Mulla Nasrudin had become a favourite of the King. He was a part of his inner circle and was always seen hanging around the king with the coterie of sycophants.
One day the King was exceptionally hungry.
Mulla Nasrudin rushed to the palace kitchen and saw some cooked brinjals.
Some brinjals had been so deliciously cooked and the king loved and relished them so much that he told the palace chief to serve brinjals every day.
“Are brinjals not the best vegetables in the world, Mulla?” the asked Nasrudin.
“The very best, your Majesty. The brinjal is the tastiest vegetable in the world,” Nasrudin said, in total agreement with the king, “I will tell the palace cook to serve brinjals every day.”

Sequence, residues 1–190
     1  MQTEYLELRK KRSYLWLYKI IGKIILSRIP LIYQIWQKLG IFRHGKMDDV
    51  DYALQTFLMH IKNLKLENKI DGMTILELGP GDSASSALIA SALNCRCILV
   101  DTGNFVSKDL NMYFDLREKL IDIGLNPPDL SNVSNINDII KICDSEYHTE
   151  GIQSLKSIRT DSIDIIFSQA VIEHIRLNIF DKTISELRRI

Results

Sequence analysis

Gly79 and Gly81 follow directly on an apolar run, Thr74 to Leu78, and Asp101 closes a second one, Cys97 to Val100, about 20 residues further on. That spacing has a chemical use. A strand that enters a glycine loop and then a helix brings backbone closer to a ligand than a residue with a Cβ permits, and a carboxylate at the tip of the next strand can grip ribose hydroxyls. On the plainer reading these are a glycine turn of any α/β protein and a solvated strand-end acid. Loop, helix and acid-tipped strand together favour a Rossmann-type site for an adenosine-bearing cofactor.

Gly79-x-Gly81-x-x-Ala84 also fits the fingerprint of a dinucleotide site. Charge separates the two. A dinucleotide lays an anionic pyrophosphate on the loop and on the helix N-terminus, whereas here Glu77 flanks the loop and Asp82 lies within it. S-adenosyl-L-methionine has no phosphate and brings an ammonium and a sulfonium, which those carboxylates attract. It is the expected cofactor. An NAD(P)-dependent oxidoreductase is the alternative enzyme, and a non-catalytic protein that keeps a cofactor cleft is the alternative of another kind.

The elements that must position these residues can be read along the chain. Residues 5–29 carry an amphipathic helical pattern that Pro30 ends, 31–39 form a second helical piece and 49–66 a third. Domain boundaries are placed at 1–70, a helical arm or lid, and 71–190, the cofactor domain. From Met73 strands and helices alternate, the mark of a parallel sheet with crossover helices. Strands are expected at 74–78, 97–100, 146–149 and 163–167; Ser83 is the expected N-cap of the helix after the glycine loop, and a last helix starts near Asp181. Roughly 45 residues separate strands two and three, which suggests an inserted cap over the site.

Five days later, when the brinjals had been served for the tenth meal in succession, the King who by now was fed up of eating brinjals roared in anger: “Take these brinjals away! They taste terrible! I hate them! ”
“Absolutely right, your Majesty, brinjals are the worst vegetables in the world,” agreed Nasrudin.
“But Nasrudin, less than a week ago you said that brinjals were the very best vegetables in the world,” asked the bemused king.
“I did, your Majesty. But I am the servant of the King, not of the vegetable,” replied Mulla Nasrudin meekly.